It’s hard to miss the approach of Valentine’s Day if you step into most U.S. stores this time of year. Products and advertisements are blanketed in pink and red, reminding customers of all the merchandise they can buy to demonstrate…
Can Kelp Help? Research Examines Dairy Farmer, Dairy Nutritionist Attitudes on Adding Feed Additive to Cut Methane Emissions
While the majority of climate change research focuses on reducing and capturing carbon dioxide, less attention has been paid to methane emissions, despite the gas having 30 times the warming effect. Over a quarter of the United States’ total methane emissions are derived from enteric fermentation (cow burps) alone. Emerging research finds that feeding certain species of algae (seaweed, kelp or microalgae) to cattle can reduce their methane emissions by 80 to 99%. Unfortunately, most farmers and bovine nutritionists are unfamiliar with algae-based feed supplements, and the supplements are not always available and can be expensive.
A faculty member and graduate student in the Falk College of Sport and Human Dynamics are among a multidisciplinary team of over 50 researchers tackling this issue. Falk Family Endowed Professor of Food Studies Rick Welsh and graduate research assistant Michelle Tynan are part of the $10 million Coast-Cow-Consumer project, funded by the U.S. Department of Agriculture’s National Institute of Food and Agriculture’s (NIFA) Sustainable Agriculture Systems Program.
Welsh and Tynan have been surveying and interviewing conventional (non-organic) and organic dairy farmers, as well as dairy nutritionists, about their knowledge of algae-based feed supplements, the level of interest farmers and nutritionists have in feeding the supplements, and the barriers faced in implementation.
“Without dairy farmer and professional dairy nutritionists’ understanding and comfort with the technology, any potential benefits cannot be realized. Therefore, listening to and learning from farmers and other dairy professionals is key,” Welsh says.
Over the summer, Welsh and Marie-Claire Bryant ’22, who received an M.S. in food studies, held focus group sessions with organic and conventional farmers. They found that organic dairy farmers were more familiar with using algae-based feed supplements than conventional farmers, since many organic farmers already use it as a health care aid instead of conventional products, such as antibiotics. In focus group sessions, organic farmers explained their experience that feeding algae has improved cow fertility, reduced pink eye infections and lowered the incidence of mastitis of the udders.
Those sessions also revealed that conventional farmers were skeptical of the health claims, but could be interested as more science emerges and if using algae-based feed supplements is cost-effective.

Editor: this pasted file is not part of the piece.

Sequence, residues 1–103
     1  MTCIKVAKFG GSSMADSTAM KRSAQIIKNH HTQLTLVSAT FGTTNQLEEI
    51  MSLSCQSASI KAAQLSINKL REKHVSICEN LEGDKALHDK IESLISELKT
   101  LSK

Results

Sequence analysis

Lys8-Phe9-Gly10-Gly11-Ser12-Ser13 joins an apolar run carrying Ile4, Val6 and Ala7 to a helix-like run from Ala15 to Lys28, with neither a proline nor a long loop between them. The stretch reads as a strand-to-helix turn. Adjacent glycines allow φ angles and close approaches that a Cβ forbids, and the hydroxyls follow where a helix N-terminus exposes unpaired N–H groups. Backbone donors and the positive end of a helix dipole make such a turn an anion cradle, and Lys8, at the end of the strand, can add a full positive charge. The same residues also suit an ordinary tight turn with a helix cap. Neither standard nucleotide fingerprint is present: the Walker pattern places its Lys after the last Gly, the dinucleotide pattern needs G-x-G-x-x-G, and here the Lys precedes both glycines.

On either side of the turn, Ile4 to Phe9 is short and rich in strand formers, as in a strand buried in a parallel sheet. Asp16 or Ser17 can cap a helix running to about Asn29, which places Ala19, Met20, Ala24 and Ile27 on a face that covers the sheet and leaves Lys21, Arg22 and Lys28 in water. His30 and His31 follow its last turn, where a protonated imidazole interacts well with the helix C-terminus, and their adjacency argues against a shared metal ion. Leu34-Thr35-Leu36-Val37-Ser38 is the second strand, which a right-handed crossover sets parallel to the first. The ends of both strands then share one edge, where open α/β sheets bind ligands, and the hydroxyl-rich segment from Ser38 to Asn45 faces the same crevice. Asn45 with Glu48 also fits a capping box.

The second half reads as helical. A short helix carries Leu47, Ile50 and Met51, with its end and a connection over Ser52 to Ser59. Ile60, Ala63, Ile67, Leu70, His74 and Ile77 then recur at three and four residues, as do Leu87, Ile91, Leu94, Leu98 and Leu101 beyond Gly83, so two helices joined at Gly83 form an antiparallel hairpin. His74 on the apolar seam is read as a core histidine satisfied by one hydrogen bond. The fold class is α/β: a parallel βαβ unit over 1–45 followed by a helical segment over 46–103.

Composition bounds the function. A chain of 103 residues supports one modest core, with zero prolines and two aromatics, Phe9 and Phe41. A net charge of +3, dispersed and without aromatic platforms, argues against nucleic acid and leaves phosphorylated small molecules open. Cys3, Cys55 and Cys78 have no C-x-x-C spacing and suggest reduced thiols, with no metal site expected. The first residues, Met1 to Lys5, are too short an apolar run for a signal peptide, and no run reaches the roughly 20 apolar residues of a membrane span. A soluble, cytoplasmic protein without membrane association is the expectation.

Their reports also made it clear that farmers would adopt algae supplements to promote cow health—but not to reduce methane—unless a methane-reduction program was incentivized by the government, dairy cooperatives or milk manufacturing firms.
More recently, Welsh, Tynan and food studies graduate student Ryan Fitzgerald conducted a survey of dairy nutritionists at the Cornell Nutrition Conference. They found that most nutritionists do not recommend algae to their clients, not because they don’t believe it is effective, but because they don’t feel they know enough about it. The nutritionists wanted to see more peer-reviewed research showing the efficacy and safety of algae-based feed supplements.
Welsh and Tynan plan to continue surveying dairy farmers and nutritionists and will be working with other project members to understand the value of those supplements for improving farm income and herd health, as well as protecting the environment.
A Bonus Economy?
Popularizing algae-based feed supplements could also help another type of farmer—the lobster fishers of Maine, according to Welsh. Given algae’s ability to grow well in cooler Maine waters and its harvest period opposite the lobster season, it could provide an alternate source of income for that region. Algae (seaweed) is known for being able to sequester large amounts of carbon from the atmosphere, Welsh says.
Research on methane gas reduction is particularly pertinent now. President Biden recently announced new initiatives to address what his administration describes as “super-polluting methane emissions—a major contributor to climate change,” including emissions from beef and dairy systems. New York Gov. Kathy Hochul, in concert with the state’s Climate Action Council, also just announced goals to reduce greenhouse gas emissions by 40% by 2030 and 85% by 2050.
The Coast-Cow-Consumer project is now entering its second of five years. The project team includes researchers from Bigelow Laboratory for Ocean Sciences, Clarkson University, Colby College, Cornell Cooperative Extension, Kansas State University, University of New Hampshire, University of Vermont, William H. Miner Agricultural Research Institute and Wolfe’s Neck Center for Agriculture and the Environment.
“The opportunities for collaboration are as deep and wide as the ocean itself,” says researcher and graduate student Tynan. “We are hoping this research contributes to a sea change in methane reduction, sustainability and cow health.”